Monday, February 21, 2011

Gregg Allman talks Low Country Blues

Gregg Allman kicked of 2011 in style, with the release of “Low Country Blues,” his first solo album in 14 years.

Produced by T Bone Burnett, the album finds Allman putting his own stamp on songs by some of the blues giants whose work has long informed his own, from Muddy Waters and BB King to Buddy Guy and Magic Sam.

Jeb Wright at Classic Rock Revisited connected with the legend recently, to talk about the new project.

Classic Rock Revisited: This is the highest charting Gregg Allman solo album ever. Are you surprised at the success of Low Country Blues?

I am flabbergasted; it hasn’t all sunk in yet. All we did was go into the studio to cut some tunes.

CRR: You went fourteen years between solo albums. I have to ask if Tom Dowd’s death had something to do with that gap.

It certainly did. He died and, after I got through mourning, I thought, “What are we going to do when it comes time to record?” A producer is like a member of the band who got there late.

CRR: You did make a good choice with T Bone Burnett.

I had never heard his name before. I was out with The Brothers and we had a long tour and I was real tired. We were playing our last gig; this was the latter part of ’09. My manager calls me and says, “Listen, I need you to stop in Memphis on the way to Savannah. There is somebody I want you to meet.” I knew what it was about. I just about said, “Let’s don’t and say we did.” I went and I am so glad that I did.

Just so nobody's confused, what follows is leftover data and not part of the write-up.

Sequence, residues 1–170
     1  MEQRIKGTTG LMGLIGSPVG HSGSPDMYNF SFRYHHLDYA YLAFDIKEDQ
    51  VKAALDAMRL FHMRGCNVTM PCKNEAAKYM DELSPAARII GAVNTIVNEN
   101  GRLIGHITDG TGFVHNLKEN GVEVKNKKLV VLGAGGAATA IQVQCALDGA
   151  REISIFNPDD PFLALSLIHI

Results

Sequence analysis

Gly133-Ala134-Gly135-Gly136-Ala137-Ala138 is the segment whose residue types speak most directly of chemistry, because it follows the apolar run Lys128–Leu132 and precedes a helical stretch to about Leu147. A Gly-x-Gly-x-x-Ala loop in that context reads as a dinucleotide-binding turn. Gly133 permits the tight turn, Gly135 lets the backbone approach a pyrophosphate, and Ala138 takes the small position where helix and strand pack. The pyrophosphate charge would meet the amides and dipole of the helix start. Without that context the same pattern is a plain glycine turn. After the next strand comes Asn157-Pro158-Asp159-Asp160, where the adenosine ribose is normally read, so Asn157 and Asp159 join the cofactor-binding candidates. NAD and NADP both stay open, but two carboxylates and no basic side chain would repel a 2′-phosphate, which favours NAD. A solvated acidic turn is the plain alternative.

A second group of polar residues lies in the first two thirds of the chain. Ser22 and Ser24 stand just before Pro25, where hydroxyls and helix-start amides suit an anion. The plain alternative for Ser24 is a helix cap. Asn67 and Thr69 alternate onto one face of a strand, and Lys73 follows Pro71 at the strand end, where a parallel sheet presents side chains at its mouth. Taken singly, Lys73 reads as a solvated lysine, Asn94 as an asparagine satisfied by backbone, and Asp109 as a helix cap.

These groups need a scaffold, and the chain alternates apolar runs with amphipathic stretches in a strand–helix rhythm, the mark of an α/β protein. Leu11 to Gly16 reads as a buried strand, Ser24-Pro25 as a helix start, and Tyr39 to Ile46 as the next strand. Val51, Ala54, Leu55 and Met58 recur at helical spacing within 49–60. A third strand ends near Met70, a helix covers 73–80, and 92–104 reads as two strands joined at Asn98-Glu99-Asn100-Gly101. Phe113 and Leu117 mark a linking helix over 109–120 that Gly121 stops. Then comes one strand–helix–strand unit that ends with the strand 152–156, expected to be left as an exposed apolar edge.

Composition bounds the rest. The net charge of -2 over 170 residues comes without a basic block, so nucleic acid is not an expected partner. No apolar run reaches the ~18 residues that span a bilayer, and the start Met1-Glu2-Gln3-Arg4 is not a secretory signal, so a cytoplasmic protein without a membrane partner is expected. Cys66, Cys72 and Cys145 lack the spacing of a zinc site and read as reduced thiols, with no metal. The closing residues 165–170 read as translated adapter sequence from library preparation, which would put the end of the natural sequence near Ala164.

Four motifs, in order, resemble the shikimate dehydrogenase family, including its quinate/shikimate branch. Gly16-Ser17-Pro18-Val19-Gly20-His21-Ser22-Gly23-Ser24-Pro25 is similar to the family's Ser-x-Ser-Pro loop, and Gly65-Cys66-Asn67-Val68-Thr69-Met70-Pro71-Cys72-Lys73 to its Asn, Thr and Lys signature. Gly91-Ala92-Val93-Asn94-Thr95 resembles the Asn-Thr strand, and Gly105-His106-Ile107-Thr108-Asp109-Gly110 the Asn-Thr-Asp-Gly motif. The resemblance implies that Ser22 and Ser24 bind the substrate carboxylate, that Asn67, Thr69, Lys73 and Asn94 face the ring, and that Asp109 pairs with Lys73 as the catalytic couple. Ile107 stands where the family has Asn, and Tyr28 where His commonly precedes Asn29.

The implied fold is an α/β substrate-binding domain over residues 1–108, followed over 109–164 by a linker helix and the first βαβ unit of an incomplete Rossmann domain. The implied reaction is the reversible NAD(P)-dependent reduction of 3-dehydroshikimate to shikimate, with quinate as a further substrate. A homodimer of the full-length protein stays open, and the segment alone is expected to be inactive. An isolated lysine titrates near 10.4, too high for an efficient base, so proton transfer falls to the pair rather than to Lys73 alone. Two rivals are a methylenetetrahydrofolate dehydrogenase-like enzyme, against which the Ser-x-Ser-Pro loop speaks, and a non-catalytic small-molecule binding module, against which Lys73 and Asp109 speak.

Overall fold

I went to Memphis and we met at the Peabody Hotel. You can’t miss him; he is about seven-foot two. He is taller than most basketball players; he looks down on us all. He gave me this modem with thousands of old, old blues songs. He said, “I’m going to peel this down to about twenty-five songs and send them over to you. Take the best fifteen of your liking and rearrange them, totally. When you are satisfied with them then let’s hit the studio and cut them.” I said, “Sho ‘nuff.”

I couldn’t even understand some of them. Some of them were public domain and they literally belonged to anybody. Most of them were like 78’s and you could hear all the scratches. We started talking and I asked him, “What are you in Memphis for?” He said, “I am here with two builders and we are measuring out, board by board, the Sun Recording Studio. I am going to build me a Sun Records right next to my house in California.” That is the craziest thing I had ever heard so I thought that this guy has got to be alright. We got closer and closer and we built a good friendship that afternoon.

Check out Gregg’s full interview at Classic Rock Revisited here.

Here’s a cool feature on the new record, as well…

Gregg Allman – The Making Of Low Country Blues (2010)

Gregg Allman Gregg Allman

Gregg Allman – Just Another Rider
The Savannah Rehearsal Sessions

See also:

VIDEO: Gregg Allman on A&E Private Sessions
VIDEO: Gregg Allman rocks Letterman
Allman Brothers Band 1971 archive rerelease set for January
Gregg Allman’s 1st solo album in 14 years due in January